Most Canadian small- and medium-sized businesses have adjusted their business strategies over the past year in anticipation of a recession and are now feeling more optimistic about their growth ambitions, finds anew KPMG in Canada survey. Although new challenges have emerged, nearly nine in 10 (88 per cent) businesses are confident their company will grow over the next three years, up from 83 per cent in 2022, and noticeably higher than the confidence levels of CEOs of large corporations (80 per cent).

The KPMG Private Enterprise™ Business Survey of 700 companies reveals that recession worries mobilized leaders to take proactive steps to make their business more resilient. These wide-ranging efforts have included improving operational efficiencies (37 per cent), cutting business costs/expenses (41 per cent), reducing headcount (26 per cent) and temporarily halting large expenditures (30 per cent).

“Canadian business leaders took decisive action over the past 12 months to prepare for a potential recession by making their businesses smarter, leaner and more efficient,” says Mary Jo Fedy, National Leader, KPMG Private Enterprise. “Although many small- and medium-sized businesses are in a stronger financial position as a result of their actions to withstand a recession that hasn’t materialized, they are now staring down new pressures and interrelated risks. By investing the recent gains they have made into solutions to reduce these threats, they will be on an even more solid footing for future success.’’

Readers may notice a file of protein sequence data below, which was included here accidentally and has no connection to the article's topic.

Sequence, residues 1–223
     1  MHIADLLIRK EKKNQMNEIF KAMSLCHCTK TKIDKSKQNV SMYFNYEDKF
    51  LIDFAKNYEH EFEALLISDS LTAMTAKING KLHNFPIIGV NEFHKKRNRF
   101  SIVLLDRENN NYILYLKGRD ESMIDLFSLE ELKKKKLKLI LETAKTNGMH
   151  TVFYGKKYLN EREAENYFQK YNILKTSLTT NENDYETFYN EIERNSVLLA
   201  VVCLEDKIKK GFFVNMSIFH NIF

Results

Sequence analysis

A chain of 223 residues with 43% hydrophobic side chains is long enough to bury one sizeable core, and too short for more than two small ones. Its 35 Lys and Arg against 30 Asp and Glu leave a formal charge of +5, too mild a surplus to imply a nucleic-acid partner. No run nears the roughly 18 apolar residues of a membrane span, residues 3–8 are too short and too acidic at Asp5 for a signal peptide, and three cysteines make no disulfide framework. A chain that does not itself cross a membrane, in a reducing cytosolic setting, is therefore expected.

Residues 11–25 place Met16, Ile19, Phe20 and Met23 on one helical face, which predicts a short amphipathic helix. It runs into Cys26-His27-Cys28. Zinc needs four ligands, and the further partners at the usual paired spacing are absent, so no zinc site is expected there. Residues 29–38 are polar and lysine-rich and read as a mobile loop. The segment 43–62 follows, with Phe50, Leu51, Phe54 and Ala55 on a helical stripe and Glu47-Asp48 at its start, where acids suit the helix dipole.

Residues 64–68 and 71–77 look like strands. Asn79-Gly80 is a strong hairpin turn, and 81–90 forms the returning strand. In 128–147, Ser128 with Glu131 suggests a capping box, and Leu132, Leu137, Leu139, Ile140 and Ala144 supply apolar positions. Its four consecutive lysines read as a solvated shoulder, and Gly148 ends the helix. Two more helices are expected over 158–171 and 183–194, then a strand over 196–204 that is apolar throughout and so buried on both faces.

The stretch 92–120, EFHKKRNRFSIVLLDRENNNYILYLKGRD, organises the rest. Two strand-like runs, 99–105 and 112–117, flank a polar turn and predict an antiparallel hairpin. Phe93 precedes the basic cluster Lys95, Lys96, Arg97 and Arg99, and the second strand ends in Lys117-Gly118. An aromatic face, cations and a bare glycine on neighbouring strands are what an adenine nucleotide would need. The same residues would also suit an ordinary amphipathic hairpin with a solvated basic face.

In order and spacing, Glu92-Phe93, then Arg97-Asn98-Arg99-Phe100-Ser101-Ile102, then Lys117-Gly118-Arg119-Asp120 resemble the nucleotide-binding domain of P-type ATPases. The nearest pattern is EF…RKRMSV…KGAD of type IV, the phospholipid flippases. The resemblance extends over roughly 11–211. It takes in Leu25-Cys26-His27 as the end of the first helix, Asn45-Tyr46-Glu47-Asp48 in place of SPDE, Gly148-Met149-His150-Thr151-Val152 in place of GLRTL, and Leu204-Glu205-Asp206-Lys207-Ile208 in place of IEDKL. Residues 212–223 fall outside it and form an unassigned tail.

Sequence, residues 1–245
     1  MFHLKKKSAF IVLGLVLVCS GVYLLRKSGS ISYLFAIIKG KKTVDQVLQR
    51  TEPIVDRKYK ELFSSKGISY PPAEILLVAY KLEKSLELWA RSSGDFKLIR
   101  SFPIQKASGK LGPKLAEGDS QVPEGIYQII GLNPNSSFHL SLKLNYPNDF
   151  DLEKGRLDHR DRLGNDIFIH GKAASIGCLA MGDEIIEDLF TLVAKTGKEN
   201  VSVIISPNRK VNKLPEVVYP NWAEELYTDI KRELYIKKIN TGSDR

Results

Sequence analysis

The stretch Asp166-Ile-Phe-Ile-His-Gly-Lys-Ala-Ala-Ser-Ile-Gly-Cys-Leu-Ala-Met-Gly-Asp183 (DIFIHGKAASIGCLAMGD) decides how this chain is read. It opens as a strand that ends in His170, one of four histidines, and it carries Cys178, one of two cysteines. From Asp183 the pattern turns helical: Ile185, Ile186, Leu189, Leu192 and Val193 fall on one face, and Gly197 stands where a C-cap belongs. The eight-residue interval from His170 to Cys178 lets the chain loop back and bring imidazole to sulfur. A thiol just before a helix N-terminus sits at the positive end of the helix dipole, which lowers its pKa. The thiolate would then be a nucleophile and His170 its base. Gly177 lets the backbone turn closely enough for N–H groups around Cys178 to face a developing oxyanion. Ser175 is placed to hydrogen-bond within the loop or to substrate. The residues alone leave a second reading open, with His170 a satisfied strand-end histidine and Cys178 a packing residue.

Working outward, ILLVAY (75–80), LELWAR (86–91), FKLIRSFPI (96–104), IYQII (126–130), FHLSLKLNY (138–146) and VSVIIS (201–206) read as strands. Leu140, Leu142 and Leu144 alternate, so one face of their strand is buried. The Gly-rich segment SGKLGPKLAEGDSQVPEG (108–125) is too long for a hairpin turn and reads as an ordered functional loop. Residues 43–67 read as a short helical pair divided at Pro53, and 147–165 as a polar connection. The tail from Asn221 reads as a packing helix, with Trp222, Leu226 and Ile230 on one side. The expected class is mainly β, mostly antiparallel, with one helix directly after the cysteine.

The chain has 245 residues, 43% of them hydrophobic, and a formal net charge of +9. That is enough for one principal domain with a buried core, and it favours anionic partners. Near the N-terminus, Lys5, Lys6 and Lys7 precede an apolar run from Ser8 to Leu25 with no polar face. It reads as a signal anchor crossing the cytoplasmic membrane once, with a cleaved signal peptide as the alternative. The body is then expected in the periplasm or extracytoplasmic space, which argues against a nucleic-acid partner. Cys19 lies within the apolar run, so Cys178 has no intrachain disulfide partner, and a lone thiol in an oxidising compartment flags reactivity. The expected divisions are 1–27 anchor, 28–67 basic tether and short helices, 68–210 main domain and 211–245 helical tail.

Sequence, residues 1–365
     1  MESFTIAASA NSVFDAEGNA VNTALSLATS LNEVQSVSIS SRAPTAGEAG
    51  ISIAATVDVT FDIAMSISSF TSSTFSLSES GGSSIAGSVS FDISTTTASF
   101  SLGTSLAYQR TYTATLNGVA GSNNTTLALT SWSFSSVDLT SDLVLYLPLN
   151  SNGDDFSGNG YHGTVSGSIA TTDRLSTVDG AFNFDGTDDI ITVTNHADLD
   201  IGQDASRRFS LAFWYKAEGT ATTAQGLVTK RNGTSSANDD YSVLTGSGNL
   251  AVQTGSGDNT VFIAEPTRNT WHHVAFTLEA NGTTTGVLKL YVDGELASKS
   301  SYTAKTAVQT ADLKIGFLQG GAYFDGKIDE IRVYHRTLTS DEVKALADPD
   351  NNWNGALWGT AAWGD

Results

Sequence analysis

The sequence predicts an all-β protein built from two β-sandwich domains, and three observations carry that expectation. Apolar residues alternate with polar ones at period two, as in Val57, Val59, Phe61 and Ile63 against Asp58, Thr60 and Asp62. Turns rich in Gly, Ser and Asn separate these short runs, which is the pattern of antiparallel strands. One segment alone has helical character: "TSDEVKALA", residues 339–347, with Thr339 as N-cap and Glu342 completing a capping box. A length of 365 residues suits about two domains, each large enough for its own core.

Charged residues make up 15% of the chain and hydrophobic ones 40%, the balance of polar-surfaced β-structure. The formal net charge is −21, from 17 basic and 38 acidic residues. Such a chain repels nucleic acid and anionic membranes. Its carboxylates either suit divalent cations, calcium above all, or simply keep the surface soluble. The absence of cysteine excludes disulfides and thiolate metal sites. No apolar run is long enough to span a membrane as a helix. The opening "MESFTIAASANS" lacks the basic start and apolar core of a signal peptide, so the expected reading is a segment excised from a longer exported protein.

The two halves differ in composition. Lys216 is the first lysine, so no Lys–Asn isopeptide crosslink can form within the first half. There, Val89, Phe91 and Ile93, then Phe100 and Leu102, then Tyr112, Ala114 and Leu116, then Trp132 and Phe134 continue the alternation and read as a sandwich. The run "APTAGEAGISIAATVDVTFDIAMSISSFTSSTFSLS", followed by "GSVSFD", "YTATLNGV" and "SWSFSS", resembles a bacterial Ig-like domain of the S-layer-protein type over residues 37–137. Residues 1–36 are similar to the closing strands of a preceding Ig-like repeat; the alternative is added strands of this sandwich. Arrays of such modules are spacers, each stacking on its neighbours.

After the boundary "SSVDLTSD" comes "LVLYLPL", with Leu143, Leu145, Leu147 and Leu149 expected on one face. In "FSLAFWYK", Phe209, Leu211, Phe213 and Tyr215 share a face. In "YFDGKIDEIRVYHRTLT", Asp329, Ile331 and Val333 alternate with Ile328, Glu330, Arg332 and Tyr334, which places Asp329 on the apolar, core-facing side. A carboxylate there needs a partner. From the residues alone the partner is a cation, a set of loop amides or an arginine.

Key poll findings

  • 86 per cent of SMB leaders say their company is in a better position today because of the steps they took in anticipation of a recession
  • 82 per cent believe the actions they took to prepare for a possible recession will reap productivity gains, but it could take some time due to inflation (e.g. higher input, labour and financing costs)